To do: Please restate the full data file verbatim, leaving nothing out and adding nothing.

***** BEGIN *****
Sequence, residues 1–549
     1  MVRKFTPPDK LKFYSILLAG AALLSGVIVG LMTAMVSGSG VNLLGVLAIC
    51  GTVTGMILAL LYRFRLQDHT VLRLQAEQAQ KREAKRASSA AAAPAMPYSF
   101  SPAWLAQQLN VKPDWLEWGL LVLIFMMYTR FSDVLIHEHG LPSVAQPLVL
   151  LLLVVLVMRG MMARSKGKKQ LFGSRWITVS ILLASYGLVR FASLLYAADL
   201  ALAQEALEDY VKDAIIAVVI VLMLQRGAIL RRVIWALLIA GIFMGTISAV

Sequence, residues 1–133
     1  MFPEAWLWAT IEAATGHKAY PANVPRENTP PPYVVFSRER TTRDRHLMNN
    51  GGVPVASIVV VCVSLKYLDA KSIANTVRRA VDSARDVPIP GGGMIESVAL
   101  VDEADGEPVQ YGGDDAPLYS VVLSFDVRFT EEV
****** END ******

Sequence, residues 1–549
     1  MVRKFTPPDK LKFYSILLAG AALLSGVIVG LMTAMVSGSG VNLLGVLAIC
    51  GTVTGMILAL LYRFRLQDHT VLRLQAEQAQ KREAKRASSA AAAPAMPYSF
   101  SPAWLAQQLN VKPDWLEWGL LVLIFMMYTR FSDVLIHEHG LPSVAQPLVL
   151  LLLVVLVMRG MMARSKGKKQ LFGSRWITVS ILLASYGLVR FASLLYAADL
   201  ALAQEALEDY VKDAIIAVVI VLMLQRGAIL RRVIWALLIA GIFMGTISAV

Sequence, residues 1–133
     1  MFPEAWLWAT IEAATGHKAY PANVPRENTP PPYVVFSRER TTRDRHLMNN
    51  GGVPVASIVV VCVSLKYLDA KSIANTVRRA VDSARDVPIP GGGMIESVAL
   101  VDEADGEPVQ YGGDDAPLYS VVLSFDVRFT EEV